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Sometimes, I end up asking young Arab workers to gain more training and experience, and apply their mind to an issue and develop critical judgment, instead of simply following instructions.

To most young Arabs, knowledge is the piece of paper they get from a college or the instructions they get from a superior or the repeated execution of those instructions — AND NOT the individual effort, reading, practice, and experimentation that enables one to be an expert, or even a critic of a certain area of knowledge.

Superficially, it seems only a question of higher education standards. On reflection, however, it appears to be a very deep problem, and which I am compelled to lay out, and request humbly that the reflexive reaction be reflection !

The Awakening – Self-Realization of a Knowledge Problem

The Gulf Arab states have realized, eventually, that having a knowledge-based economy is the way of the future. The reliance of the GCC states on foreign knowledge workers is eventually perceived as a strategic security threat. As nations with good survival instincts, they are right in this assessment. However, they fail to understand the basic structure of knowledge, and how the mind is opened and creativity is unleashed. So far, the responses to this self-realization appears to be the recommendations of a high-priced study by some Western consulting company.

But also underneath all this lies a deep fear — a fear of knowledge itself, and any holder of that knowledge, and the result of that knowledge. I will get to that in the end.

With the exception of Sheikha Mozah of Qatar, who has taken a rather effective approach in opening up the Qatari mind, the rest of the GCC states are floundering: at times confusing knowledge with Western brand-name universities, while some are thinking of churning out PhD’s to foster research. The basic thinking of the brand-name ‘thinkers’ : if BMW is a good brand to drive, then Harvard must be a good brand with which to start a campus – or some similar but equally goofy logic! The other group — the ‘researchers’ — think that a greater number of papers and a higher UN ranking means that the national mind is being opened up.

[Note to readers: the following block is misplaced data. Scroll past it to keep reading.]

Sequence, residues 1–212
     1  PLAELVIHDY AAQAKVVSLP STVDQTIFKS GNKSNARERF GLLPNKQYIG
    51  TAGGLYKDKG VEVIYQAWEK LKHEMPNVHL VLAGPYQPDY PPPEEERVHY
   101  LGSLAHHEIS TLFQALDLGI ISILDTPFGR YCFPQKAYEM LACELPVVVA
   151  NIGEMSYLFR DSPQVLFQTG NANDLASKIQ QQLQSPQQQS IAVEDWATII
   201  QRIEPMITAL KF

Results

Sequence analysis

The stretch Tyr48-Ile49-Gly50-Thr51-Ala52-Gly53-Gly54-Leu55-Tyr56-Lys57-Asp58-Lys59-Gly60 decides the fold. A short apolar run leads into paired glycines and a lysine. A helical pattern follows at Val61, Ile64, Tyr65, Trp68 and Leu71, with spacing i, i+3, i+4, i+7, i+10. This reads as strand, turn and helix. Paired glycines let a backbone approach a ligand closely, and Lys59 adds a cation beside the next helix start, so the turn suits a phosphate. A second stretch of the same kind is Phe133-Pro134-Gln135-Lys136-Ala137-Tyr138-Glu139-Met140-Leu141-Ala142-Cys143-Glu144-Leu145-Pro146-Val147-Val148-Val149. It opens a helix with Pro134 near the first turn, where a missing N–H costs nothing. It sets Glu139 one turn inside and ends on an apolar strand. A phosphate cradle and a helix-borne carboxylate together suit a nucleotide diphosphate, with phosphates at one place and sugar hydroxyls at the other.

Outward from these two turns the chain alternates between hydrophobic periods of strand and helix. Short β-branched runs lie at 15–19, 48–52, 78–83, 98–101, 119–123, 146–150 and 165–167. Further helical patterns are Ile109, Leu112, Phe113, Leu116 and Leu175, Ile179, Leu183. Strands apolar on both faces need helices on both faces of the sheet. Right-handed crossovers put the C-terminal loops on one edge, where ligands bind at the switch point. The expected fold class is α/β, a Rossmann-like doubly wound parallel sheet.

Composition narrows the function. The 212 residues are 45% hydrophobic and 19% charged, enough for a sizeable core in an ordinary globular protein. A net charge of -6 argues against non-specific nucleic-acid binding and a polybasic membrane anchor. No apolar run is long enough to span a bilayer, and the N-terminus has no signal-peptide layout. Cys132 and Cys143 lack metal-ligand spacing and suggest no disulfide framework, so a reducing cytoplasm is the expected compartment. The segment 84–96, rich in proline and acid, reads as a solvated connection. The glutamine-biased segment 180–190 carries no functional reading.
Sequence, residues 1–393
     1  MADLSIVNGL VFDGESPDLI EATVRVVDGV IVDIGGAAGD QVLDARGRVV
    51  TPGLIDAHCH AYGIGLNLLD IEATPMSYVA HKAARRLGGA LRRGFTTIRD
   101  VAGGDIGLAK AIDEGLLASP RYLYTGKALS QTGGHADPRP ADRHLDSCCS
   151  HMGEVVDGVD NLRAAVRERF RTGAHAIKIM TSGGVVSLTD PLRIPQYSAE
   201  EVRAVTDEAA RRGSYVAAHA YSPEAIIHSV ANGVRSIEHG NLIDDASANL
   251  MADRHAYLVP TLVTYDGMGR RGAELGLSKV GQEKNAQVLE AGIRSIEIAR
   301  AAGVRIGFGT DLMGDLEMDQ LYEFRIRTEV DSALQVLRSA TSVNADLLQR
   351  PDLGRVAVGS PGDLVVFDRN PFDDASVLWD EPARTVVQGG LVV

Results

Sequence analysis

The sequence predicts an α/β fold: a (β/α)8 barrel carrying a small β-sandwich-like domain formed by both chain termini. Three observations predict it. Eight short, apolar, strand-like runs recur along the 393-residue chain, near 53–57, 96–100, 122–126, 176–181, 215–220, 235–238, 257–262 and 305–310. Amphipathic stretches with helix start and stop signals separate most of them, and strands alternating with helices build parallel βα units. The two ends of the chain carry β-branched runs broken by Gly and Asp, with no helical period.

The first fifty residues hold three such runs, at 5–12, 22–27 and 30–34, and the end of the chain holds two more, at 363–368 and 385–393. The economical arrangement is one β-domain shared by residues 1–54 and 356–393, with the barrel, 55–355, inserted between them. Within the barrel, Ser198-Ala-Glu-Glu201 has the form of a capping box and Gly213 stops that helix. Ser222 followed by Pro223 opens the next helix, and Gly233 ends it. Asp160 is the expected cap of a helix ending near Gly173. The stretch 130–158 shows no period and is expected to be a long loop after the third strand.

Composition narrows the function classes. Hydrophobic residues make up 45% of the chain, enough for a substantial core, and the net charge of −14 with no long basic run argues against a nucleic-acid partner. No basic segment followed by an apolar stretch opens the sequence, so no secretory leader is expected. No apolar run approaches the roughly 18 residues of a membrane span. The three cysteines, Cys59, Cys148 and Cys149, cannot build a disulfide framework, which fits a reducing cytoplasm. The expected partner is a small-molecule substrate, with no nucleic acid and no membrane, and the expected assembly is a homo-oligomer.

Science or Arts: Tribalism, Corruption and Challenging the Human Mind

The tribal nature of GCC societies has kept the countries stable, and without much corruption, although Oman may be able to hold its own in the corruption arena. That much is good, and different from Egypt, Syria, Lebanon, Iraq and Palestine, the most recent custodians of the mantle Arab knowledge.

On the other hand, this very tribalism breeds complacency, compliance and cunning (three C’s !): one survives in a tribe by not ruffling feathers or challenging much, and the evolutionary need for cunning to survive and grow in this environment is self-evident.

Thank you please, we do not want philosophy, NO political science, NO sociology, NO economics — only Science and Technology — a mindset born out of the fear of unfettered knowledge. The reality is that a mind that is not trained to spot a logical flaw, to question the perceived flaw, and to come up with alternates — is a mind that can do no good in either arts or sciences. The scientific method only comes in handy when it is time to test the alternate hypotheses that have taken hold in a fertile and inquisitive mind.

The Fear of Knowledge and how to get to Knowledge-Based Truth and Fairness

At the dawn of Islamic civilization, the mind-opening knowledge-based and cultural revival initiated by the Prophet Mohammad quickly shifted to Baghdad and Andalusia. Why? The Arabian desert was devoutly Muslim, but the minds were still not open.

So, while this concept of knowledge sinks in — and it will sink in — as the Gulf Arabs’ survival instinct is stronger than their tribal instinct, some suggestions on how to recognize knowledge, and then how to deal with it:

  • A knowledgeable person will be the first to admit that he or she does not know much. Such is the vastness of knowledge that the more one knows, the more they realize how less it is. Isaac Newton was the first to say this in as many words.
  • A holder of knowledge will never take credit for another’s work or thought.

So, how to handle knowledge, once you recognize it:

  • Knowledge is a whole, like truth: you cannot use one type of knowledge to deny other truths: Great knowledge-based regimes like Andalusia, Baghdad, the Nazis and the Soviets eventually collapsed because they used some scientific knowledge to oppress and deny other social and economic truths. The Protestant knowledge ethic of Western Europe has survived the test of time so far because ultimately reason and knowledge prevails. We have recently seen one regime’s mistakes corrected by another in the face of logic and reason.
  • Do not be afraid of real knowledge or the one who holds it: true knowledge and wisdom usually do not come from liars or thieves.
  • Fairness and judgment come from wisdom, and wisdom is the knowledge and the application of that knowledge, and the experience and feedback that comes from the application of that knowledge. Tribal elders possess that wisdom when it comes to tribal and family matters, and the local imam has that wisdom in religion, but the auto mechanic possesses that wisdom when it comes to cars.
  • Always question and argue a lot, but argue with truth and conviction. The real holder of knowledge is not making things up. If you argue, argue logically and based on the principles of deductive and inductive reasoning. And if you question, do it from a sincere lack of understanding of the issue.